The pin 240 may then be moved upwardly into the internal bore 210 until it is in the desired position such as is shown in FIG. 18. FIG. 18 shows both engaging sections 232 and 234 in contact with the pin 240. Additionally, the neck 226 is flexed, thereby providing a torque on the engaging portion 222 in the counterclockwise direction. The neck 226 thus provides a force which clamps the pin 240 between the engaging sections 232 and 234 once the upward force on the pin 240 is less than the force exerted by the neck 236. Moreover, any force applied to the distractor 200 or the pin 240 in a direction tending to move the pin 240 out of the internal bore 210 (downwardly) causes additional clamping force to be applied by the engaging sections 232 and 234 on the pin 240. The pin 240 is thus coupled to the guide section 208 through the locking arm 206. Accordingly, as the distractor 200 is used to distract adjacent bones, the distractor arm 204 is not allowed to translate upwardly along the longitudinal axis of the pin 240. Therefore, the pin 240 and the distractor arm 200 are not allowed to separate.

When the operator chooses to remove the distractor 200 from the pin 240, pressure is applied to the trigger portion 216 in the direction of the arrow 242 shown in FIG. 18. The force on the trigger portion 216 is passed through the extensions 218 and 220 through the engagement portion 22 to the neck 226 thereby causing the neck 226 to flex. As the neck 226 flexes, the extensions 218 and 220, the engagement portion 222 and the trigger portion 216 are allowed to rotate in the direction of the arrow 242.

Accordingly, the engaging section 232 rotates to a position where less of the internal bore 210 is blocked by the engaging section 232. Likewise, the engaging section 234 rotates to a position where less of the internal bore 210 is blocked by the engaging section 234. When the locking arm 206 has rotated to the position shown in FIG. 19, the opening of the internal bore 210 is increased such that the minimum diameter of the hole 230 when projected on a plane perpendicular to the longitudinal axis of the pin 240 is larger than the diameter of the pin 240. Thus, the distractor arm 204 may be separated from the pin 240. The locking mechanism of the distractor assembly 200 is thus a type of ratcheting mechanism which uses friction to couple a pin to the distractor assembly 200. Accordingly, the engagement sections 232 and 234 and/or the pin used with the distractor assembly 200 may incorporate surface textures or materials to increase the ability of the engagement sections 232 and 234 to clamp the pin.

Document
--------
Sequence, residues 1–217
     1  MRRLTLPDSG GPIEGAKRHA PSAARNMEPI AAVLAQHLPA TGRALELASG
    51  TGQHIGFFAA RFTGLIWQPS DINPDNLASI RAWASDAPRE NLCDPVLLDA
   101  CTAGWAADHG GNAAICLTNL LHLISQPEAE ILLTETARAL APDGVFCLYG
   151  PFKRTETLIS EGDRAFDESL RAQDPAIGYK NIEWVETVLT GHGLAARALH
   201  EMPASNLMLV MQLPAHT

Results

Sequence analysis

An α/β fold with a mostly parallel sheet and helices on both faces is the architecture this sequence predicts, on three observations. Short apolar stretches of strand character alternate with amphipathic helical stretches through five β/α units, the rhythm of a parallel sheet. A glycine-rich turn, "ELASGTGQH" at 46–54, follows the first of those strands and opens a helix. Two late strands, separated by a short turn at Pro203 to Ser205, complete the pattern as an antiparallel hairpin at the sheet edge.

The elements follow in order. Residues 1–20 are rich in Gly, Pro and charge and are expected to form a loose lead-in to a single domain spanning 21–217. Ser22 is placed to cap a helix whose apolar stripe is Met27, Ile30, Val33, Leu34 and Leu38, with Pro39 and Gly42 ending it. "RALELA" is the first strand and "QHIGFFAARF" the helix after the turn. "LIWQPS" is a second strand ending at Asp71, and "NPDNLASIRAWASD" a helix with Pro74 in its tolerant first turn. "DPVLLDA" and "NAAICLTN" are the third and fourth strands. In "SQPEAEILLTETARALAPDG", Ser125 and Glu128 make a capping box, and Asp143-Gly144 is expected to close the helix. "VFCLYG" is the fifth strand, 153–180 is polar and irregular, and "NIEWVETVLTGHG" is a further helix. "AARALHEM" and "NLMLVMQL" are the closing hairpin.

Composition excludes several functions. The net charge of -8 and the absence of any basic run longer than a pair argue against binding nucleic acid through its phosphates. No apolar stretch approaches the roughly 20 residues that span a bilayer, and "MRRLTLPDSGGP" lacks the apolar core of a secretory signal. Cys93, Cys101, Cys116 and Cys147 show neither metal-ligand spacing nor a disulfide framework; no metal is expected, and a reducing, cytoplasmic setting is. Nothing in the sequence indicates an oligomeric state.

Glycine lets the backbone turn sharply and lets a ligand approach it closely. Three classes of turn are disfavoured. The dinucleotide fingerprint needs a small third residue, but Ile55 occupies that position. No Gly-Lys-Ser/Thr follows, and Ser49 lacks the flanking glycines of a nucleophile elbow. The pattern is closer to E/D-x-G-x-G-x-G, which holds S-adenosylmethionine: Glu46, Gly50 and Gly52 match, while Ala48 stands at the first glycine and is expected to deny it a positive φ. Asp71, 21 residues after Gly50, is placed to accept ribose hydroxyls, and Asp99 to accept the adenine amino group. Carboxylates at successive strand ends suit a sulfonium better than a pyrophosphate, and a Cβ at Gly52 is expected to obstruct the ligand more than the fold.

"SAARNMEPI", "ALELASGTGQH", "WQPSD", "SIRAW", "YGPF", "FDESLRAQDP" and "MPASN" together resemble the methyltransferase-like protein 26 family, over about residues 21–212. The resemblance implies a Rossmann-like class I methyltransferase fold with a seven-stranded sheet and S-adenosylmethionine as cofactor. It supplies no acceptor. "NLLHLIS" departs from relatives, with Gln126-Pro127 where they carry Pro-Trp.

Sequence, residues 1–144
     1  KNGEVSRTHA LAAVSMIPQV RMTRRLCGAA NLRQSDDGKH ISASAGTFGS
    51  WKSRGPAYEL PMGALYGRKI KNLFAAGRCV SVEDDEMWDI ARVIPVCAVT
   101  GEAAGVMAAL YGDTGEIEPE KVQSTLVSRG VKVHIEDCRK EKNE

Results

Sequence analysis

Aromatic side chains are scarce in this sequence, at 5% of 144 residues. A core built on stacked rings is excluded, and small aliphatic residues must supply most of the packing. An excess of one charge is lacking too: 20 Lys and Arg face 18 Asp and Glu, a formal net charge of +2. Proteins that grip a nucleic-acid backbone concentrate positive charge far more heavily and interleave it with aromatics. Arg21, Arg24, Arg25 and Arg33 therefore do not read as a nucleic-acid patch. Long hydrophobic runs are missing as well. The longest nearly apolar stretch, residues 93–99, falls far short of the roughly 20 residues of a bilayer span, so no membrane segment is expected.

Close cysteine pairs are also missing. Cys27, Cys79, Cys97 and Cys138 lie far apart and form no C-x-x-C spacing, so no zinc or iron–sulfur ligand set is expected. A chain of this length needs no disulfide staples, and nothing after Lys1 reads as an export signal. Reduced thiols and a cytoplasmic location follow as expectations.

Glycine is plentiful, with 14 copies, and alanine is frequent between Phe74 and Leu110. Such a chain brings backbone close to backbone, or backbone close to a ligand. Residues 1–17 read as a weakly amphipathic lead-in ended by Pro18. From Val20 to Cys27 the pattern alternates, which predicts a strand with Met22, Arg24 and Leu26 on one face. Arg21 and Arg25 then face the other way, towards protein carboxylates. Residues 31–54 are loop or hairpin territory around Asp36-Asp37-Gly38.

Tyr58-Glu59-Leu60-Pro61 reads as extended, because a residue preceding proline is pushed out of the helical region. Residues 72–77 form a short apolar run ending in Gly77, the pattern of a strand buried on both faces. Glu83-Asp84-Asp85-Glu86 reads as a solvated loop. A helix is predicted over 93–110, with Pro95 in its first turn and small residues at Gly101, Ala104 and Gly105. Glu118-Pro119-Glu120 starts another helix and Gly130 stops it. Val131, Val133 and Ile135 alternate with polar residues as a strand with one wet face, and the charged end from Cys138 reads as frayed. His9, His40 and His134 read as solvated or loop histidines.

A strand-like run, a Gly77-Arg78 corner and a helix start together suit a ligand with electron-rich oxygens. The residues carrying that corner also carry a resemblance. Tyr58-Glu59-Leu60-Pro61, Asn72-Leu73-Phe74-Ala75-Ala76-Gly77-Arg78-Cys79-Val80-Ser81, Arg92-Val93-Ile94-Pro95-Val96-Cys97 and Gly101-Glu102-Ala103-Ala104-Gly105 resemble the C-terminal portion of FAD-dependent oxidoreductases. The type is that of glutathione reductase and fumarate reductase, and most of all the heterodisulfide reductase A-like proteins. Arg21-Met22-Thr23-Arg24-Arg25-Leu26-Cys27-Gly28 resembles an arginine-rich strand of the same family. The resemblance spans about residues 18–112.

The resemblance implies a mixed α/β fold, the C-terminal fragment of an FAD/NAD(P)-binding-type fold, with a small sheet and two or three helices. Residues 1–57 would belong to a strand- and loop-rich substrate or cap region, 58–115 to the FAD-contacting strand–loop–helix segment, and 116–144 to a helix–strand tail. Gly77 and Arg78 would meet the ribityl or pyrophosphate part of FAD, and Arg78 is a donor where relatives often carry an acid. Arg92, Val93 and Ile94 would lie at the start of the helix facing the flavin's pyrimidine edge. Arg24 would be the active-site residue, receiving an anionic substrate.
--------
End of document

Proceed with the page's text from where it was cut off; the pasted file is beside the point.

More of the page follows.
Referring now to FIG. 21, an alternative embodiment of a distractor arm in accordance with principles of the present invention is shown. The distractor arm 250 includes a coupling portion 252 for coupling with a crossbar (not shown). A locking arm 254 extends out of the guide portion 256 of the distractor arm 250. The guide portion 256 includes an internal bore 258 which is shown in FIG. 22. A cavity 260 is located within the internal bore 258.

Referring to FIG. 23, the locking arm 254 includes a trigger portion 262, an extension 264, an engaging portion 266, and a base section 268 which is similar to the base section 224. The engaging portion 266 defines an opening 270 which is somewhat oblong. Two engaging sections 272 and 274 are located at opposing ends of the opening 270. When the locking arm 250 is assembled into the guide section 256, the extension 264 passes through a slot 276 in the guide portion 256 and into the cavity 260. In the position shown in FIGS. 21 and 24, the engaging sections 272 and 274 extend into the internal bore 258.

The operation of the locking mechanism in the distractor arm 250 is similar to the operation of the locking mechanism discussed above with respect to the distractor assembly 200. In brief, as the trigger portion 262 is rotated from the position shown in FIGS. 21 and 24 in the upward direction as indicated by the arrow 278 in FIG. 21, the engaging sections 272 and 274 rotate so as to move outwardly from the center of the internal bore 258. The main difference between the locking mechanism in the distractor arm 250 and the locking mechanism discussed above with respect to the distractor assembly 200 is that the hole 270 is in the shape of a rectangle. Thus, the locking arm 254 may be used with an anchoring pin (not shown) with a rectangular coupling portion. This allows the anchoring pin to be gripped by the engaging sections 272 and 274 along an entire side of the shaft of the anchoring pin. Moreover, the locking arm 254 may be used with anchoring pins having coupling portions configured in other shapes, including circular shapes, and with or without threads.